This study addressed the challenge in soil microbiology of predicting an essential process, such as soil carbon sequestration, based on the type of microorganisms present. One of the often-used methods for grouping soil bacteria into types is whether they are adapted to be competitive and fast-growing, or slow-growing and resistant to starvation.
We found that this grouping isn’t always a good predictor of bacterial behavior in the soil. Rather, the potential for quick growth was found to be localized within a small number of species within the bacterial community in the complex and competitive soil environment. Only three of 1,793 species measured were consistently fast growers.
Soils are an important global reservoir of carbon. Understanding how soil microorganisms break down and use carbon is crucial to predicting how well soils will take up carbon in response to climate change. Many more microorganisms have been found to be in soils than scientists can grow and study. Thus, to estimate how unknown species contribute to a given process, such as soil carbon cycling and sequestration, scientists must often compare behavior with known species. This study is different because it measures the growth patterns of many bacteria directly instead of making indirect inferences. This work reveals which evolutionary strategies are most common and positions us to explore these strategies in relation to soil carbon sequestration more fully.
Life-history strategies help predict how microorganisms behave in nature, but commonly used frameworks fall short. We tested the effectiveness of one, the copiotroph-oligotroph framework, which distinguishes fast-growing bacteria with an affinity for elevated nutrients from slow-growing bacteria adapted to low nutrient conditions. We measured the changes of bacterial growth rates in response to added nutrients using quantitative stable isotope probing or qSIP.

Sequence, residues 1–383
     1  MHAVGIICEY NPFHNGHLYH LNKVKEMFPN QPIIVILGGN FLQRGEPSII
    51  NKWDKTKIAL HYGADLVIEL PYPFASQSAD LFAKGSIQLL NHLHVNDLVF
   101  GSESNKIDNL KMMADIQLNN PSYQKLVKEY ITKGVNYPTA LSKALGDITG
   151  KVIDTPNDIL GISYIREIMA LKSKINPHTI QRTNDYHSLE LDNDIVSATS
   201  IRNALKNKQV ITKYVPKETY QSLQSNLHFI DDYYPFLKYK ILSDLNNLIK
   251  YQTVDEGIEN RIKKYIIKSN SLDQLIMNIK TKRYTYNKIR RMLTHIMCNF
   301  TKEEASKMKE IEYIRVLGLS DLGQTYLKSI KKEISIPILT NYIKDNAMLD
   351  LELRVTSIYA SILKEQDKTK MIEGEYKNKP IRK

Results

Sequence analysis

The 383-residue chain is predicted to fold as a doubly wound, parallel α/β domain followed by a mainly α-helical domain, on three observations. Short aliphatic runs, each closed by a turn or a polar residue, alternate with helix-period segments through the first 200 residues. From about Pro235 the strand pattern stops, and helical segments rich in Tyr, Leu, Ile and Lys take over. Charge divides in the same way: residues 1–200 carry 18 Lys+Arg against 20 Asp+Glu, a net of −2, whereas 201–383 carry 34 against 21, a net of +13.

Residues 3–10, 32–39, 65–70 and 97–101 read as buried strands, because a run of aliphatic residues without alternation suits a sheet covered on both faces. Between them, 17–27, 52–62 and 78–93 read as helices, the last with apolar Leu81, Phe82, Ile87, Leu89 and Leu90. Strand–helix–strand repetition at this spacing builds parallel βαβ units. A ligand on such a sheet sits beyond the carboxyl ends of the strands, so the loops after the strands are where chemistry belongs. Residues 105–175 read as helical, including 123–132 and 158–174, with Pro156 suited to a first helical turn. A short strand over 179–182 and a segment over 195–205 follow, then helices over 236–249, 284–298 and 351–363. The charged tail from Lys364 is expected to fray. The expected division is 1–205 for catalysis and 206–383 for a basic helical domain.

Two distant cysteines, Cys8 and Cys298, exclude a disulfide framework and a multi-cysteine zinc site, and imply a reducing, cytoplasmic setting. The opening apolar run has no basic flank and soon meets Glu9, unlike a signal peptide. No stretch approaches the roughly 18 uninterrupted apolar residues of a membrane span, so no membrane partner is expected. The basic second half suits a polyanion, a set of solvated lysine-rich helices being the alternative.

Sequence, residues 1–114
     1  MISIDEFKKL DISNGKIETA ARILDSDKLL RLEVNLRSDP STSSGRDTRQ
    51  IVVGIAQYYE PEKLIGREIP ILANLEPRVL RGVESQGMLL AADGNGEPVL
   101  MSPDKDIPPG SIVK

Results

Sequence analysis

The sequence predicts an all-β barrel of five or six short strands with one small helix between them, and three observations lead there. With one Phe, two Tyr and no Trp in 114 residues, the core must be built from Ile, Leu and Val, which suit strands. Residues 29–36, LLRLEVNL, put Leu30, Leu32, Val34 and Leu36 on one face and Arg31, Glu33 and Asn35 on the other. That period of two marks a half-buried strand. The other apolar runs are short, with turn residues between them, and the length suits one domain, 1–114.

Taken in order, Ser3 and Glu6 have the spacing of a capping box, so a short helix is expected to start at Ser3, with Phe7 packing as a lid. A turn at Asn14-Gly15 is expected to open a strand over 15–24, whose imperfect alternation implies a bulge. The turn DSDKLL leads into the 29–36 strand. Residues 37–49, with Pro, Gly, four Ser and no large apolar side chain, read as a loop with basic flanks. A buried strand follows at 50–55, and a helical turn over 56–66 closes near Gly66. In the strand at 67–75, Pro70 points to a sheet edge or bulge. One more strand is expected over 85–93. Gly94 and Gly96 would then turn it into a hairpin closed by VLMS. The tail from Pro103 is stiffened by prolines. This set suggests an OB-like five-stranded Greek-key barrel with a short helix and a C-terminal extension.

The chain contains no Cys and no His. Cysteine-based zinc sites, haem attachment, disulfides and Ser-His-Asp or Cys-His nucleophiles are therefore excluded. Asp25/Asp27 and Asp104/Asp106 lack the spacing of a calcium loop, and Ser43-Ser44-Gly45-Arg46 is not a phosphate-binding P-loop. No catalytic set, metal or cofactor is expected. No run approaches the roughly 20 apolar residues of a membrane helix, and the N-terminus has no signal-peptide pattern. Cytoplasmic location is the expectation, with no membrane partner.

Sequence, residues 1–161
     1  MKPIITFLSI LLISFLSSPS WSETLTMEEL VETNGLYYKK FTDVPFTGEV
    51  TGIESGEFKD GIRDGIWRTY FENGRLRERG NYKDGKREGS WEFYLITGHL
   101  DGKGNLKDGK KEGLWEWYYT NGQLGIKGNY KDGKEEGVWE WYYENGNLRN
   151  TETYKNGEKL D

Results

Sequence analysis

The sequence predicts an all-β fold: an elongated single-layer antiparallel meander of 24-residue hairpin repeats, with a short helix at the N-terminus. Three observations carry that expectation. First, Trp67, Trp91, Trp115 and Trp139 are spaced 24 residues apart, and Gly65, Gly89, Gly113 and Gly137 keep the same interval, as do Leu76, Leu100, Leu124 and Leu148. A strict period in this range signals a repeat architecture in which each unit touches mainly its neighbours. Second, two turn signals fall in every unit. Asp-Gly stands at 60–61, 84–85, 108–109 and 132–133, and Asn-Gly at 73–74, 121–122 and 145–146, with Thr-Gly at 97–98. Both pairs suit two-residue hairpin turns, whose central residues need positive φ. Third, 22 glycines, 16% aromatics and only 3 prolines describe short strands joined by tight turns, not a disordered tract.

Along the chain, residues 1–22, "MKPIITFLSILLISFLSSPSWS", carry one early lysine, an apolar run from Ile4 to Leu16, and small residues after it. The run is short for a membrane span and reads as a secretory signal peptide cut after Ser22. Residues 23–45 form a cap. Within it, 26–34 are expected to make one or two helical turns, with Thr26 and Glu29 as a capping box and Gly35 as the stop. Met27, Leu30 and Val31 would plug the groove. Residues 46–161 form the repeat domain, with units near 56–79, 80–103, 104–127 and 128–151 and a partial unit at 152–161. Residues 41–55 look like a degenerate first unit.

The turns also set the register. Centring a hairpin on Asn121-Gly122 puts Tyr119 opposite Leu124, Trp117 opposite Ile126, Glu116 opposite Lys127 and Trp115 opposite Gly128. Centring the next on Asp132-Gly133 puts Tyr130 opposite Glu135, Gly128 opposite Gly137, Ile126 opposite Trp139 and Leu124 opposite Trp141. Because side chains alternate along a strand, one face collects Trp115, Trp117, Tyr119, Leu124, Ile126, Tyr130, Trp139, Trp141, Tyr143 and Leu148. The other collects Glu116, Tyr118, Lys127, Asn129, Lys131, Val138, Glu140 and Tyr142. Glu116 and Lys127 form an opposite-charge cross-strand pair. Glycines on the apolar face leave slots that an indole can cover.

We found that there was not a balance in numbers of fast growers and slow growers. Instead, most bacteria grew slowly, and a few were consistent fast growers. When predicting behavior based on relatedness, we found the greatest accuracy when grouping closely related bacteria. Prior approaches that grouped distantly related bacteria according to life history strategy were not as useful in predicting behavior. Using direct measurements of bacteria in the soil environment demonstrates new ways of organizing these communities that are more useful for building predictive ecosystem models.
Bram Stone, Pacific Northwest National Laboratory, firstname.lastname@example.org
This research was supported by grants from the Department of Energy’s (DOE) Biological Systems Science Division Program in Genomic Science, and the Lawrence Livermore National Laboratory (LLNL) ‘Microbes Persist’ Soil Microbiome Scientific Focus Area and by the National Science Foundation. Research conducted at LLNL was supported by the DOE Office of Science, via awards SCW1679 and SCW1590. Research conducted at Pacific Northwest National Laboratory (PNNL) was supported by the Department of Energy Office of Science. Bram Stone is grateful for support from the Linus Pauling Distinguished Postdoctoral Fellowship program through PNNL.
Published: May 24, 2023
Stone B., P. Dijkstra, B.K. Finley, R. Fitzpatrick, M. Foley, M. Hayer, and K.S. Hofmockel, et al. 2023. "Life history strategies among soil bacteria—dichotomy for few, continuum for many." The ISME Journal. doi:10.1038/s41396-022-01354-0